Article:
Study supports years of criticism of city hall

city-hallA new study of the Planning and Development Department cites a negative culture, silo mentality and much more and recommends 325 improvements.

Paul Zucker, president of Zucker Systems, on Thursday told the city council: “They (developers and builders) think your system is broken, they think it has been broken for a long time; we pretty much share that perspective.”

People have long said it takes too much money and time to get plans and projects through city hall.

The city had good intentions to improve that when it merged codes work and city planning and development in 2005, Zucker said, but “You merged people, relocated their desks, but they were never really integrated.”

The department suffers from a silo mentality, a negative culture and a host of other problems that even include the need to remodel its 5th floor permit center, he said.

The department has 13 managers, more than needed, he said, and not enough staff.

For instance, the city talks about the importance of long range planning but each year cuts the number of long range planners, from 17 in 2009 to seven today.

He told the city council that amounts to “not putting money where your mouth is.”

The department culture is described in its written records, Zucker said, with things like “stay in your own lane,” a true isolated silo approach for staff.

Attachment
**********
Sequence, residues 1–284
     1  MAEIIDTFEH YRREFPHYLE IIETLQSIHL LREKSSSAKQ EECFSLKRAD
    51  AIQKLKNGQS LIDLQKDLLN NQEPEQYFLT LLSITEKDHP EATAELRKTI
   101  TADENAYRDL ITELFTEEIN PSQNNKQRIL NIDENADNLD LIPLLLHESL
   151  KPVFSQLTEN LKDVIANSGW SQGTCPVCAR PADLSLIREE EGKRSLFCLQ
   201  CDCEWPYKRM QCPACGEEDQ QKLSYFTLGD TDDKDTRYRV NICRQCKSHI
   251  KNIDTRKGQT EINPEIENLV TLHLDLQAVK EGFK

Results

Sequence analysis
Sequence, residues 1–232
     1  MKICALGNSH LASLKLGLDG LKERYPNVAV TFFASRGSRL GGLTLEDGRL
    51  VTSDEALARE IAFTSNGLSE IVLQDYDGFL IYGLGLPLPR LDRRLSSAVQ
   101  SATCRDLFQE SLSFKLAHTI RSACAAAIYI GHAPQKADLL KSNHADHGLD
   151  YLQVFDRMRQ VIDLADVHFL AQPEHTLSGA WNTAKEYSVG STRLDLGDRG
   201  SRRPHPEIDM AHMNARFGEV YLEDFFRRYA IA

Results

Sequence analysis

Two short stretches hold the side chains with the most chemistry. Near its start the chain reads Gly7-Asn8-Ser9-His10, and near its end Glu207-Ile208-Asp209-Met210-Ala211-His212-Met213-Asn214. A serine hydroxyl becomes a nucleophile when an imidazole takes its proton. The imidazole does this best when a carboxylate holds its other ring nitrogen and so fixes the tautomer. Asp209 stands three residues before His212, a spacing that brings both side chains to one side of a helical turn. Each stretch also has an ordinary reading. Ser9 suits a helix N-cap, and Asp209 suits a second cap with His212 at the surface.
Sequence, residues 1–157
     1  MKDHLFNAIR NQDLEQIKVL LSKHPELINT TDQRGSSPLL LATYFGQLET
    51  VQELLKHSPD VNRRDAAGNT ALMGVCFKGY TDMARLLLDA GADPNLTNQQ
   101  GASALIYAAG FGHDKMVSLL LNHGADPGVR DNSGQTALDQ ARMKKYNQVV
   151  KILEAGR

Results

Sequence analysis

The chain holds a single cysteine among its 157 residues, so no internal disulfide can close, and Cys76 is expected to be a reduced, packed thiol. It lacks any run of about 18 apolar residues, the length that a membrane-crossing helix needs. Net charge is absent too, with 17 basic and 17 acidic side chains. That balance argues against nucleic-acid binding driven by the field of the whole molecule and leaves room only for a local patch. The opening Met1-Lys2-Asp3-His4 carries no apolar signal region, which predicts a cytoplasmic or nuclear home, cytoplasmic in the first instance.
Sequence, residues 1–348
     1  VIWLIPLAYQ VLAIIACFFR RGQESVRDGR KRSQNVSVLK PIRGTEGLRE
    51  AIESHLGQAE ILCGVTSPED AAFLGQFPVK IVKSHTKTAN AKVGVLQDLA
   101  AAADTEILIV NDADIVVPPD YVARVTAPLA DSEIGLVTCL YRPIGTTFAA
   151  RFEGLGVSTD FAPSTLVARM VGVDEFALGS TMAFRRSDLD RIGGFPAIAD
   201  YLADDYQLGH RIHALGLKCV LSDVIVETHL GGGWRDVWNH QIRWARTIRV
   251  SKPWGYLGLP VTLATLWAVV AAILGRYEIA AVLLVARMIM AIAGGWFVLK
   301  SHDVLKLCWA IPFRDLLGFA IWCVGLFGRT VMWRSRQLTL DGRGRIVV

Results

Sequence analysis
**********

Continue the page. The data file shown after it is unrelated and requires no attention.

“We say get out of your lane.”

It also says, “Let the applicant work out any issues, he said, while consultants suggest it’s the department’s job to work out the issues.

City culture says to “meet our regulations,” while the goal should be to build a better city, he said. “Problem solve those regulations and keep an eye on what you’re really trying to do here …”

The department also needs more money and should consider raising fees and hiring consultants to move projects faster, he said.

As for its permit center, “You walk into the fifth floor, it feels it’s out of date before you even walk to the counter.”

Bob Langenkamp, director of the department, said they expect to act on about 39 of the recommendations within a month and 50 more in about two months.

The key will be to change the culture to shift from being regulators to serving as problem solvers as well, he said.

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